When I began this blog, I wanted to give something back to the internet universe that perhaps doesn’t yet exist. I was trying to think about what I might be uniquely qualified to write about that might be useful to some few people out there. What I finally decided is my arena is how to write soldiers accurately.
having served in the military for over 30 years and having a MFA in Creative Writing and a Story Grid Editor Certification, I decided that I could help other writers who are creating stories that involve soldiers to make their stories better.
I began with a post about a day in the life of an Infantry Soldier and followed that with a post about rifles used in the current day military, then I got sidetracked. I have noticed an increased interest in those old post, so I decided to continue with this series.
What I would like to know is if anyone has any suggestions or questions about how the military functions? Or what they wear or equipment they use?
Posts so Far:
I think there is a lot of misconceptions about Soldiers in the United States and around the world. This is apparent to me every day by the types of questions I get asked, but three specific incidents really hammered this point home to me.
The first incident happened to me in the late 1990s, I was driving a Hum Ver (hummer) from NC to VA for a training exercise, I was one of a number of vehicles in a convoy, we were all in uniform and we stopped at a rest stop. Sitting in the grass eating a picnic was a young 20 something couple, looked a little hippie, and the girl approached me and asked, “So, this is a hummer.” I replied, “Yes it is.” Then she said, “And it’s bulletproof?” I was standing next to a hummer with a plastic roof.
This was before 9/11, before bulletproof hummers were a real thing. Up until this point in my life, I had never seen a bulletproof hummer, I didn’t even know if they existed. And I had no idea where she got the idea that it would be bulletproof. Though, it was obvious to me from the plastic doors and roof, that this particular hummer was definitely not bulletproof.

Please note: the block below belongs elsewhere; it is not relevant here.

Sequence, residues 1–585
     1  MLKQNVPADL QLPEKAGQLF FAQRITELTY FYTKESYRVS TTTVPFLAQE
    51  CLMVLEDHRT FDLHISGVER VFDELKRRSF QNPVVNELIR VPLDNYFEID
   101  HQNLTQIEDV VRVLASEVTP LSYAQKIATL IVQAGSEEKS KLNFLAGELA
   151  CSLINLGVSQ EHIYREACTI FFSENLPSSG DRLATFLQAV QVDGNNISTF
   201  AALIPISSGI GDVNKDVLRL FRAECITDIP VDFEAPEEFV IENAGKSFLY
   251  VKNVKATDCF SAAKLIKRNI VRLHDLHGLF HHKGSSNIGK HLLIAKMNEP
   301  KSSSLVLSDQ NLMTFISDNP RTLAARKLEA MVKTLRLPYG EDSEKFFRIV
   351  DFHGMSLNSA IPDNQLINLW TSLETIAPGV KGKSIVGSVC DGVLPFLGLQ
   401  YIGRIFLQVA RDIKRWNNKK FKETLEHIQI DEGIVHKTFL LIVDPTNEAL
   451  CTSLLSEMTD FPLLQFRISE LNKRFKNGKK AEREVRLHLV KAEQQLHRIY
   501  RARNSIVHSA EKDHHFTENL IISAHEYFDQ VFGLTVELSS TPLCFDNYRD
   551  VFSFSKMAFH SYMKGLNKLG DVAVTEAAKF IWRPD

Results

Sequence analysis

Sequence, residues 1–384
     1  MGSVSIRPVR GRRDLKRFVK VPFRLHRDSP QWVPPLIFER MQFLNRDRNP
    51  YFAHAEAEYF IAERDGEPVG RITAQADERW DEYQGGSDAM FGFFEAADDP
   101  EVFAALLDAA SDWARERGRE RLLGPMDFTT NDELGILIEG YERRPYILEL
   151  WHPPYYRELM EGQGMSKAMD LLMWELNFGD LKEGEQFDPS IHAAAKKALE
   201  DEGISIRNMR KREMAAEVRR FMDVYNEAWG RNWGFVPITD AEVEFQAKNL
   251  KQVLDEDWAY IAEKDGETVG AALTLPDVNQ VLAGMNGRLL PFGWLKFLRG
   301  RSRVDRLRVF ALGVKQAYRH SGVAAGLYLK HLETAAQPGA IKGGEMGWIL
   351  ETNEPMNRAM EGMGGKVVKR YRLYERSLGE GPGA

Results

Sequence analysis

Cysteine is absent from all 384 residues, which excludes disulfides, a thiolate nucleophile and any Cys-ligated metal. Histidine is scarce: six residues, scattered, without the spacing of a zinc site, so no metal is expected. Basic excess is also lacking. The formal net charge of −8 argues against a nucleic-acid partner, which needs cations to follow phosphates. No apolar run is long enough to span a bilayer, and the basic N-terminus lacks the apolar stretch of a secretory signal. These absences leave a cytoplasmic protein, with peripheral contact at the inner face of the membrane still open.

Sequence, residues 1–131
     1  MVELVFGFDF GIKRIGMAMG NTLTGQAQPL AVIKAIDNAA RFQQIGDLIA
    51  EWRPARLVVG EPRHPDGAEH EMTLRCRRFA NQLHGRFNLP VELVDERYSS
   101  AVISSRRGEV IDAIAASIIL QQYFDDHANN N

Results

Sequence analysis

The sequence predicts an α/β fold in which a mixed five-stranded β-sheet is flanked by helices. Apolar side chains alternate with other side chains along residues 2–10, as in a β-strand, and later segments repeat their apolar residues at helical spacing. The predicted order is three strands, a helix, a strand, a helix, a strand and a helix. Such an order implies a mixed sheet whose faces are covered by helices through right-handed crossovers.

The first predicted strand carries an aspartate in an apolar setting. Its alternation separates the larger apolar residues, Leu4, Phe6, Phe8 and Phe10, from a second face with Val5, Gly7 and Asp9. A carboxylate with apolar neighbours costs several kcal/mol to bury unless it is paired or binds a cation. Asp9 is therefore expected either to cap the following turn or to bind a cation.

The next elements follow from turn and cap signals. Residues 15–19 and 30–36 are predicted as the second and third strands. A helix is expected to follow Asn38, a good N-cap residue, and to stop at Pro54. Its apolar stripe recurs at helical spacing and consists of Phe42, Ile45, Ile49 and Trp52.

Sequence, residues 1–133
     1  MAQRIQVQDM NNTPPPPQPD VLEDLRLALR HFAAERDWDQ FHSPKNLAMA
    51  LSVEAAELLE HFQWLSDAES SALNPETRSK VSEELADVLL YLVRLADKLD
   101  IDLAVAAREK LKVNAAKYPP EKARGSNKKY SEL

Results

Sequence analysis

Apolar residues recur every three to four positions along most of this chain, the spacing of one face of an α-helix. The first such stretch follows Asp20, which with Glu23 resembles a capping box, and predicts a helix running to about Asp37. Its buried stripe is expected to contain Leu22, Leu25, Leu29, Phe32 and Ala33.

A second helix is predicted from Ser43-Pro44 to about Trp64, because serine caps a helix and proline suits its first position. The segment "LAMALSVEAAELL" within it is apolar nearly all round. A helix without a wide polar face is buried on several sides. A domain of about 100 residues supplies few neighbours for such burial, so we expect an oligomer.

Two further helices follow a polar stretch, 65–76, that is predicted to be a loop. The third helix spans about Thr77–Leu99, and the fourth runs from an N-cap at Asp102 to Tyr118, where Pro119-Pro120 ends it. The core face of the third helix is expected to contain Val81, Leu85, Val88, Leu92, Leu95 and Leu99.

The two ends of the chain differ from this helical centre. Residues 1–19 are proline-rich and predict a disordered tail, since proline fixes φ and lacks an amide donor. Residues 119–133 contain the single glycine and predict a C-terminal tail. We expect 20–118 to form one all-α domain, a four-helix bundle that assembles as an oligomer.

It’s interesting that one of the serious problems at the beginning of the Afghan and Iraq wars was the lack of bulletproof hummers (little known/ remembered fact – which is why I want to write this blog).
I once read an interview of Lee Childs, author of the Jack Reacher novels. They are great action novels, and everyone loves them and the movies starring Tom Cruise. But when I read the first book and an article, I was blown away about how much the Mr. Childs didn’t know about the US Army.
In his first Jack Reacher Novel, Killing Floor, from 1997, he explains his view of Army Military Police, Jack Reacher’s profession, and why Reacher is such a badass:
“A military policeman deals with military lawbreakers. Those lawbreakers are service guys. Highly trained in weapons, sabotage, unarmed combat. Rangers, Green Berets, marines. Not just killers. Trained killers. Extremely well trained, at huge public expense. So the military policeman is trained even better. Better with weapons. Better unarmed.”
Totally false. I think the Army MPs would be the first to admit this. Green Berets and Rangers are super well trained in hand to hand combat and weapons, MPs are more trained in police procedures but any additional training beside periodic range training is all on their own. As a former Ranger and Green Beret, I was on the range sometimes 30 days a month, and learned how to use more than 20 types of guns. We have our own hand to hand instructors and training area. Tim Kennedy is a green beret, a UFC fighter, and formally won the service-wide combatives (Hand to hand) tournament three years in a row.
I also read an article where Mr. Childs discussed how he came up with his character. He said he wanted to make him an officer which would explain why he didn’t wash his clothes and bought new ones all the time, because as an officer jack Reacher was accustomed to having he enlisted men wash his clothes. I’m not sure if that is true in the British Army, but it is definitely not true in the U.S. Army.
He did get some things right. About a newly separated military man being sort of a loner and wanderer. He also said later that in retrospect, he would have made Jack Reacher a senior enlisted man instead of an officer, as that was more accurate with reference to Reacher’s experience and skills.
Sometime in late 2009 or so I was asked to pre-read a play that had a military theme. The playwright had a couple misconceptions that I tried to correct and which he fought me on and finished by saying I didn’t know what I was talking about. One was he wanted to set his play during the Iraq War in 2002, to which I said we didn’t invade Iraq till 2003. So he said, that’s alright, I’ll change the setting to Afghanistan. His plot mainly dealt with tanks, and I told him we didn’t use tanks in the war in Afghanistan. He didn’t believe me. He also had a major scene taking place off base where all his main characters were drinking beer in a bar while wearing their uniforms. I told them that no one does that, once again he insisted I was wrong.
I could go on, as he was wrong on a number of other details too. But that just justifies my reasoning for writing this blog, the misunderstanding of life in the military.
If you want to learn more about writing a story using the Story Grid methodology, go to the Story Grid Webpage to find free videos and articles on how to implement the methodology.
These articles contain information about the 5 Commandments of Storytelling and the Editor’s 6 Core Questions from the book The Story Grid by Shawn Coyne. They also give details on obligatory scenes and conventions for specific genres, such as the thriller, love story, war story, crime story, and more.
For an example of how these techniques are used, read Jane Austin’s The Pride and the Prejudice with annotations by Shawn Coyne.